China Denies Issuing Ban On Apple iPhones

Chinese official denies reports Beijing ordered a ban on government staff using, or bringing into work, Apple iPhones

China has rejected a number of media reports that it has implemented a ban government workers’ use of Apple iPhones.

Last week The Wall Street Journal had reported that central government agencies had been ordered not to use iPhones for work or bring them into the office.

At one stage this caused Apple’s share price to experience its largest daily loss in a month. Matters were not helped by another media report that the Chinese ban may also be imposed on staff at state-owned companies and government-backed organisations.

iPhone 15 Pro and iPhone 15 Pro Max titanium design, a new Action button, camera upgrades, and A17 Pro.
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China denial

Now CNN reported a Chinese government spokesperson as saying on Wednesday that China hasn’t issued any laws or rules to ban the use of iPhones or any other foreign phone brand.

“We have always been open to foreign companies and welcome them to seize the opportunities and share the fruits of China’s economic development,” Ministry of Foreign Affairs spokesperson Mao Ning was quoted by CNN as saying at a press conference in Beijing.

She added that China has noticed “many media reports on the security incidents of Apple’s iPhone,” and that the country “attaches great importance to information and cyber security.”

Mao did not elaborate, CNN reported. She also urged foreign mobile phone companies in China to follow the country’s privacy laws and to prevent “any person or organisation” stealing data stored in their customers’ phones.

The White House had said on Wednesday it was watching the developments with “concern.”

“It seems to be a piece of the kinds of aggressive and inappropriate retaliation to US companies that we’ve seen from the PRC in the past, that’s what this appears to be,” John Kirby, National Security Council spokesman, was quoted as telling reporters during a news conference, referring to the People’s Republic of China.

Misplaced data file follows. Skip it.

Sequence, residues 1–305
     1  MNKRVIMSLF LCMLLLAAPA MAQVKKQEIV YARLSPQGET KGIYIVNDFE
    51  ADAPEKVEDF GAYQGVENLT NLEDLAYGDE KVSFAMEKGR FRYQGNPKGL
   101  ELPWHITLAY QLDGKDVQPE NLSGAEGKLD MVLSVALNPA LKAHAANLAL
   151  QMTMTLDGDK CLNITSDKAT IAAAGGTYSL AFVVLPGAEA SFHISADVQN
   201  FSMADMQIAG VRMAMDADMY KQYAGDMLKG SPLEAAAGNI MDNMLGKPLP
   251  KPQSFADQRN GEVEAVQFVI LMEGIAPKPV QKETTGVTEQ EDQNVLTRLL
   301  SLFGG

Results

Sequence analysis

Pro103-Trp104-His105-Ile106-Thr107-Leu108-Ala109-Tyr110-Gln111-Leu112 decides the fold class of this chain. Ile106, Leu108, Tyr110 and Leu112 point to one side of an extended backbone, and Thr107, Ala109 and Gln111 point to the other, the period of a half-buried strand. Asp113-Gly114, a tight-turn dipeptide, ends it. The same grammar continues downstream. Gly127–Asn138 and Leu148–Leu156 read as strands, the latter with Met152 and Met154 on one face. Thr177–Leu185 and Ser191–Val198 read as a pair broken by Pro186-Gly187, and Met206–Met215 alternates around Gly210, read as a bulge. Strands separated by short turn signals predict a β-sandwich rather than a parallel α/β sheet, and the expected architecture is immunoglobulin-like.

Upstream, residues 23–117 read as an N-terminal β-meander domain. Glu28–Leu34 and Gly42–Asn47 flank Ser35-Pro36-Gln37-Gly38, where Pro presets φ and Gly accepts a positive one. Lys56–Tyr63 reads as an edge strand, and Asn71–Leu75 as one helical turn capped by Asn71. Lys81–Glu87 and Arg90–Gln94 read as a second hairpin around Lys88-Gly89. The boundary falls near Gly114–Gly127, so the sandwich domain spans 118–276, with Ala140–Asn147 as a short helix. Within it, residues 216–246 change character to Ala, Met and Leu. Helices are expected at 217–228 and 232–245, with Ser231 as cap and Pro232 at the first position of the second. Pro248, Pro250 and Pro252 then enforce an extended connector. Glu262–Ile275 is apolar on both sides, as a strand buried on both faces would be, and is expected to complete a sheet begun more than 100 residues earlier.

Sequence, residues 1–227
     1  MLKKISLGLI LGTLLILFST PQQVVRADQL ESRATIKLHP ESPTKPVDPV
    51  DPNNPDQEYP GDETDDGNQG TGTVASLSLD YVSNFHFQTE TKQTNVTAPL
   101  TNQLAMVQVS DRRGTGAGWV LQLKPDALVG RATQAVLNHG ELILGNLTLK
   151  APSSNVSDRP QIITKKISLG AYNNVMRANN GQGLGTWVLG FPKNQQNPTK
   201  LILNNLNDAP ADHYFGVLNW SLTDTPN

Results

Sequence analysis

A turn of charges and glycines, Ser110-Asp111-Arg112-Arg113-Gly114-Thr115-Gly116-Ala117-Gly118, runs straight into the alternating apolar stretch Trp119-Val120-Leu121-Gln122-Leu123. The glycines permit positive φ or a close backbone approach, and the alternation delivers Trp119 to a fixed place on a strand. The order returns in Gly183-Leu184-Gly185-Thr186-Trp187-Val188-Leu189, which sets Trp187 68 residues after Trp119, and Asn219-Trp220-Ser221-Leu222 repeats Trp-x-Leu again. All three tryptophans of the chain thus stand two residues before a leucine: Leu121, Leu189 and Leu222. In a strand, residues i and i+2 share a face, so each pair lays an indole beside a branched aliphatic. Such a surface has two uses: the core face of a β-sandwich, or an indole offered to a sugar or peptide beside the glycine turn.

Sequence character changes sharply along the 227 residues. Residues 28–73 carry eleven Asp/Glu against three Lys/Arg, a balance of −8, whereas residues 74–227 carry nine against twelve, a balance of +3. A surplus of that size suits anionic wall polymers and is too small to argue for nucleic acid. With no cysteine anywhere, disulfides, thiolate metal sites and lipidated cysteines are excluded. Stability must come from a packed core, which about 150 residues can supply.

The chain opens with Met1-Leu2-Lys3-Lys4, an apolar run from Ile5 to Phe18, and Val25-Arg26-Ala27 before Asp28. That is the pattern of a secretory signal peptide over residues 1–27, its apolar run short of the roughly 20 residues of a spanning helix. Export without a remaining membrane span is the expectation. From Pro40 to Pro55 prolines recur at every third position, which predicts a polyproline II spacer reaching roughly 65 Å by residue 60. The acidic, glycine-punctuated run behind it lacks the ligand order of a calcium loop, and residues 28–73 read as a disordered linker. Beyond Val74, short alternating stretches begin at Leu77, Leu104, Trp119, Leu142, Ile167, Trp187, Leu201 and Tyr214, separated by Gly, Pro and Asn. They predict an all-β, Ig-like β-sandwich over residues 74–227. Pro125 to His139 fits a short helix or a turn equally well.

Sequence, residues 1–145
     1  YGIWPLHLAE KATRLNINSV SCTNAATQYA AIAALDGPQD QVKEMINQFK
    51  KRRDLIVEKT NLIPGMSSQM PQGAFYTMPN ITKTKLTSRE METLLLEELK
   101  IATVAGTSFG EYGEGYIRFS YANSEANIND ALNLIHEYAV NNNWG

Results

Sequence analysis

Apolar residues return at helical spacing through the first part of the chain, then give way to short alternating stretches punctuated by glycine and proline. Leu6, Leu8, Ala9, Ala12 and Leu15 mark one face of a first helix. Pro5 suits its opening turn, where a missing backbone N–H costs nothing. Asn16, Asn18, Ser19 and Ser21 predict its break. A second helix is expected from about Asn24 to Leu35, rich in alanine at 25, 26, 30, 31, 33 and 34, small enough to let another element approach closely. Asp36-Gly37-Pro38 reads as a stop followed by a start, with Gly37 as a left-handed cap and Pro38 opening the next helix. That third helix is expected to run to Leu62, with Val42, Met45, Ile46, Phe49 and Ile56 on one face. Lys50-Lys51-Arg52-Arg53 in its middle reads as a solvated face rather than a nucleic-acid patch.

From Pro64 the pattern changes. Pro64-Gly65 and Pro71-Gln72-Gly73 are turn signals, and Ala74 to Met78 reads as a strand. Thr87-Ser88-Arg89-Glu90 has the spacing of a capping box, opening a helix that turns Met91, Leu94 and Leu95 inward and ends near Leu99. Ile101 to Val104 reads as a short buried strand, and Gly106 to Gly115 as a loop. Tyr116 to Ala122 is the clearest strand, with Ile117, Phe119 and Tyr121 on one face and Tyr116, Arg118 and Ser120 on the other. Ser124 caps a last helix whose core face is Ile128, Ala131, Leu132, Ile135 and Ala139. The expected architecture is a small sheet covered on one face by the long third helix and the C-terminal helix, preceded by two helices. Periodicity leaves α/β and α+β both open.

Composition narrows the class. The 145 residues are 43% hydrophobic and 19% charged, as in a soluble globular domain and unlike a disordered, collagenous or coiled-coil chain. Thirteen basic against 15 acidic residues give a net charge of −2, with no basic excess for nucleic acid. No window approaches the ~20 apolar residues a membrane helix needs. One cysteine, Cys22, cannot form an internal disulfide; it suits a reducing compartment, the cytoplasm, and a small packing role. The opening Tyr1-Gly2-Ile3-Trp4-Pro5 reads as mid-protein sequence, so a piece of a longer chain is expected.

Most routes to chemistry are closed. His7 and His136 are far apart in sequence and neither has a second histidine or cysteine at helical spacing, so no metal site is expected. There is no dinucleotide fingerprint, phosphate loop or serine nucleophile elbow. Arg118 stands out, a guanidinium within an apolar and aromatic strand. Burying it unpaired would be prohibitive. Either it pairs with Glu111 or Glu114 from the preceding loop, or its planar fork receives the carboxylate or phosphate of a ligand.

“But the truth is, we don’t have perfect visibility on exactly what they’re doing and why, and we certainly would call on them to be more transparent about what they’re seeing and what they’re doing,” he said.

Chinese pushback

China has been hitting back at a number of western tech firms after the US and the west ramped up its sanctions and trade restrictions against Beijing.

In March for example, Chinese authorities closed the Beijing office of Mintz Group, an American corporate due diligence firm, and detained five of its local staff, CNN reported. The company was apparently later fined about $1.5 million for allegedly conducting unapproved statistical work in the country.

In April, CNN reported that Chinese police had questioned staff at the Shanghai offices of consulting firm Bain & Company.

A few weeks later, state media released details of multiple raids on the offices of Capvision, an international expert network firm with headquarters in Shanghai and New York, by state security forces.

Then in May Beijing banned some key domestic industries from purchasing chips from US memory chipmaker Micron over national security concerns.

Meanwhile China also plans to launch a $40 billion state-backed investment fund for the under pressure semiconductor sector in China.

Earlier this week Apple had launched its iPhone 15 portfolio, which confirmed the end of the Lightning port and the adoption of USB-C going forward.

iPhone 15 and iPhone 15 Plus will be available in five stunning new colours: black, blue, green, yellow, and pink
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